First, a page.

top of page
Doctor Using Digital Tablet

What is the difference between direct primary care (DPC) and concierge “boutique” medicine?

Direct primary care (DPC) and concierge “boutique” medicine are both membership-based healthcare models that emphasize a closer doctor-patient relationship and improved access to care. There are, however, key differences between the two models.

Let's compare direct primary care and concierge doctors

Direct Primary Care (DPC)
Concierge Medicine

Call or Text Maple Primary to find out more

Overall, How Do Direct Primary Care and Concierge Medicine Compare?

DIFFERENCES

Cost Structure:

  • DPC: Generally lower membership fee covering a wide array of primary care services and cost is more predictable. Patients have access to low cost labs or can choose to use their insurance for lab fees.

  • Concierge Medicine: Typical insurance billing and generally a higher membership fee for patients to have 24/7 access to their doctor and have extra conveniences.

 

Service Focus:

  • DPC: Emphasizes affordability and accessibility with a straightforward service model.

  • Concierge Medicine: Emphasizes luxury and extensive physician access.

 

 

SIMILARITIES

  • Both models aim to improve the quality of primary care by enhancing the doctor-patient relationship, reducing patient load, and providing more personalized care.

  • Both offer benefits like same-day or next-day appointments, longer consultation times, and better overall patient satisfaction compared to typical insurance based primary care models.

  • In summary, while both DPC and concierge medicine offer membership-based care, DPC focuses on affordability and easier access, whereas concierge medicine offers a higher level of accessibility and personalized in addition to billing insurance.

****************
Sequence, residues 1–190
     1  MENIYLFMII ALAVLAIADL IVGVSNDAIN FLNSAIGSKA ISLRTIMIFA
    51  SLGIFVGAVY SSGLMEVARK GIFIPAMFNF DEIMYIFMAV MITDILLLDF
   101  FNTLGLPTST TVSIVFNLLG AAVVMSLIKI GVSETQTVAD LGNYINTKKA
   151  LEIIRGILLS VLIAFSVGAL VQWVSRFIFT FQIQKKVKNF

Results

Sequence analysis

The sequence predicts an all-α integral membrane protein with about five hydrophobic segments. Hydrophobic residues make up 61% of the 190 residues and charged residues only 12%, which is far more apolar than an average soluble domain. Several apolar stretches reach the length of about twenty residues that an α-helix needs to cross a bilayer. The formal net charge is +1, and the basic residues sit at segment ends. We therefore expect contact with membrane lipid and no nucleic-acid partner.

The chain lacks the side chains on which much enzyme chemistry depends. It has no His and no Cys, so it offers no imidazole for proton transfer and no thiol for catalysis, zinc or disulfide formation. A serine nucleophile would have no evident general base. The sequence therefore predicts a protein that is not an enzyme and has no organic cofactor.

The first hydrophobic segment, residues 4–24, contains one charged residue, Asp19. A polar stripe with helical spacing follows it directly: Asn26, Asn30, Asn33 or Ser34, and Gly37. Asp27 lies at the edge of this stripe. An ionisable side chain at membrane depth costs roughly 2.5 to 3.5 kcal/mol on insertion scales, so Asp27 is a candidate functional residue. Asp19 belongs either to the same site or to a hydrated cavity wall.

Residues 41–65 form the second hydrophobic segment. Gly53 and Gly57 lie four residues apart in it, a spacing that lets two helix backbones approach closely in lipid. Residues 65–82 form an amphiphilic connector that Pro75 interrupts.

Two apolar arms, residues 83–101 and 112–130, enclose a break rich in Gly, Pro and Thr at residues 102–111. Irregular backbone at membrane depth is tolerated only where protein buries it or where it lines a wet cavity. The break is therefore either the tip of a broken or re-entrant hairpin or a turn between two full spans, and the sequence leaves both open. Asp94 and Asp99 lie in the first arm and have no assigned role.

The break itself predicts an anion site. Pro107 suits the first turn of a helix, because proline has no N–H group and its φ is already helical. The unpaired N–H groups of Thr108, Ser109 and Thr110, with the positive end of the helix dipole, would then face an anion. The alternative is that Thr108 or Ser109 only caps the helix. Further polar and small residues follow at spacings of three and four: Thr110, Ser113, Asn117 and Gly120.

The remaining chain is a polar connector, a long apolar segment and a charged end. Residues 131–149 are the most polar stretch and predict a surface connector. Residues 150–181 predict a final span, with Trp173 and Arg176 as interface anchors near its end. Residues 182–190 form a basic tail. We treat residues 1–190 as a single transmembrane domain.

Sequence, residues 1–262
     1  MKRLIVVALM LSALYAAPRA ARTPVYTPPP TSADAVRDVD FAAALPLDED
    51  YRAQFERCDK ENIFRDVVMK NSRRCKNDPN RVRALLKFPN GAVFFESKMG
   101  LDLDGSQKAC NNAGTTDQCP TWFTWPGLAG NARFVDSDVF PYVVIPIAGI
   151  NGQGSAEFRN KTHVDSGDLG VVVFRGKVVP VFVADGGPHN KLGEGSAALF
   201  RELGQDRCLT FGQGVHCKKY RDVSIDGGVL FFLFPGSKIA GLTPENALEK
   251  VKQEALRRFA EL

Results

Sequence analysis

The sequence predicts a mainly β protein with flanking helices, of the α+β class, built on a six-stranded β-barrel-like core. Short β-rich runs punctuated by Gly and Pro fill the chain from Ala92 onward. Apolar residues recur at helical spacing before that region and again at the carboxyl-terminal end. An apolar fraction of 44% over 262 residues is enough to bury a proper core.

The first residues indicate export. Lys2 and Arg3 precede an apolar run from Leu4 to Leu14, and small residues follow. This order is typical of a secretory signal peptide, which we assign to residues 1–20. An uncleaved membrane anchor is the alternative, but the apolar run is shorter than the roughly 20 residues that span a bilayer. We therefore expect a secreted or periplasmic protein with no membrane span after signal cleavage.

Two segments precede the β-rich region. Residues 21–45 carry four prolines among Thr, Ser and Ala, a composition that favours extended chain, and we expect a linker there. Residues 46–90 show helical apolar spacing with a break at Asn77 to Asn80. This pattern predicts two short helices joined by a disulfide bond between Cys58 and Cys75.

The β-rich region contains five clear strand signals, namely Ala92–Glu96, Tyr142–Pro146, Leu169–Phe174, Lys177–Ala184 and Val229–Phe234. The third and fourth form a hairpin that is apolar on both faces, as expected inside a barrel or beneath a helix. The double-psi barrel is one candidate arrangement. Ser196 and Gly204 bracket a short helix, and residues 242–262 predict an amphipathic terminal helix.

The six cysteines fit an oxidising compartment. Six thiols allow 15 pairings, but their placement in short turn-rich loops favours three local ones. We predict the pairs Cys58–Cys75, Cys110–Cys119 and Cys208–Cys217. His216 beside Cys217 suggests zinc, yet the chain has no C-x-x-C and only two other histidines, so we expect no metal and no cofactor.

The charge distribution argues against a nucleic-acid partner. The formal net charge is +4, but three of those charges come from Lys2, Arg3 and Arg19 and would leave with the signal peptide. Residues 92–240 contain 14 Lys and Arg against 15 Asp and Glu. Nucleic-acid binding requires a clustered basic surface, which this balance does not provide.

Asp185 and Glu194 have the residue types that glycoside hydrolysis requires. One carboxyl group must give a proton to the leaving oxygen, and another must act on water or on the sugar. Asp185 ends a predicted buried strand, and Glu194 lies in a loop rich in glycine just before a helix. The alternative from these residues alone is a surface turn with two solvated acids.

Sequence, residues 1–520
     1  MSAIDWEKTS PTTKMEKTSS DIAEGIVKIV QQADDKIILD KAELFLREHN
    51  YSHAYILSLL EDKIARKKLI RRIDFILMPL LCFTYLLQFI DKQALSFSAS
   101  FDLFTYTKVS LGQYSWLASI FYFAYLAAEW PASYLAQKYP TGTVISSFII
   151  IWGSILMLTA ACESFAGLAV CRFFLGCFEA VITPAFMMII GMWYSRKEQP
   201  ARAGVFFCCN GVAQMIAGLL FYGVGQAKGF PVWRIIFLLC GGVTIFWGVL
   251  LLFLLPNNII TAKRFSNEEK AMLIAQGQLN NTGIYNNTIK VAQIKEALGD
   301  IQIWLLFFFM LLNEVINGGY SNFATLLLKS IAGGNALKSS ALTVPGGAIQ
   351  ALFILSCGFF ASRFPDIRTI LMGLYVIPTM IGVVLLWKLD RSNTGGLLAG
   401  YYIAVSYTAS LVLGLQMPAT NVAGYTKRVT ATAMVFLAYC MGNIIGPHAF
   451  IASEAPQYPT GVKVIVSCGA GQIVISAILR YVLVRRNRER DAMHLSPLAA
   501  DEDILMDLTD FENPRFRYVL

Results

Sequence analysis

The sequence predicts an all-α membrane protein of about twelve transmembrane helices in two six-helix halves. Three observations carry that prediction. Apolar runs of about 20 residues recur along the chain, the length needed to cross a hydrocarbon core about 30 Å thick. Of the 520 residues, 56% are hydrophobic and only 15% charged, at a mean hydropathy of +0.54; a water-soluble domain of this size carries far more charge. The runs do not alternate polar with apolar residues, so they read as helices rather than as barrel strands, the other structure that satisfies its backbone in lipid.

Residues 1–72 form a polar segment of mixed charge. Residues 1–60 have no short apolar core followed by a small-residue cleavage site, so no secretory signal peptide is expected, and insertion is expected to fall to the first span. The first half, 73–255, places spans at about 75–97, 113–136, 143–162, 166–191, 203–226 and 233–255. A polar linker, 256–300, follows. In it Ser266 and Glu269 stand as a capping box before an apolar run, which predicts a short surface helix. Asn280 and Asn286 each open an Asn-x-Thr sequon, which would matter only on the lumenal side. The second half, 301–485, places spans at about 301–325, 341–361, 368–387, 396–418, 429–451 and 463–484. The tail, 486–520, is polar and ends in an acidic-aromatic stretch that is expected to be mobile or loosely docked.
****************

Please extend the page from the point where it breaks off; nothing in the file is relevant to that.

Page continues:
Medical Scenario 1

48 year old gentleman with a strange sensation yesterday of heart racing and mild difficulty catching his breath. He has health insurance and has not paid anything into his $1000 deductible

> DPC (Membership $100/month):

Patient was able to schedule an office visit the next day. His office visit cost $0. His EKG cost $0. The doctor recommends a chest x-ray and some labs. Since he hasn’t met his deductible, the patient chooses to use the DPC contracted prices for labs which is a total of $75.  He also decides to pay for his chest x-ray without insurance and it costs $50. He has a follow-up appointment in 1 week to discuss results which costs $0.

Total cost: $225 ($100 for the monthly membership + $75 for labs + $50 for a chest x-ray)

 

> Concierge (Membership is $250/month):

Patient was able to schedule an office visit the next day. His office visit cost $150 (insurance contracted rate goes towards his deductible). His EKG cost $100 (insurance contracted rate goes towards his deductible). The doctor recommends a chest x-ray and some labs (insurance contracted rate $750 total and it goes towards his deductible. He has a follow-up appointment in 1 week to discuss results which costs $35 (copay for PCP visit after deductible met).

Total cost: $1285 ($250 for the monthly membership + $150 for the office visit + $100 for the EKG + $450 for labs + $300 for a chest x-ray + $35 copay for follow-up visit)

Medical Scenario 2

12 y/o girl with a severe sore throat. Mother is concerned about strep. Family has already met deductible. Mother can’t get off work until 5pm to bring patient in for evaluation.

> DPC (Membership $50/month):

Mother was offered a same day appointment at 3pm or the next day at 9am. She was seen the next day at 9am. Her office visit cost was $0. Her rapid strep test was $0. 

Total cost: $50 ($50 for the monthly membership + $0 for in-office lab)

 

> Concierge (Membership is $250/month):

Mother was able to schedule a same day appointment at 6pm. Her office visit cost $35 (copay). Her rapid strep cost $25 (insurance contracted rate).

 

Total cost: $310 ($250 for the monthly membership + $35 for the copay + $25 for the rapid strep test)

bottom of page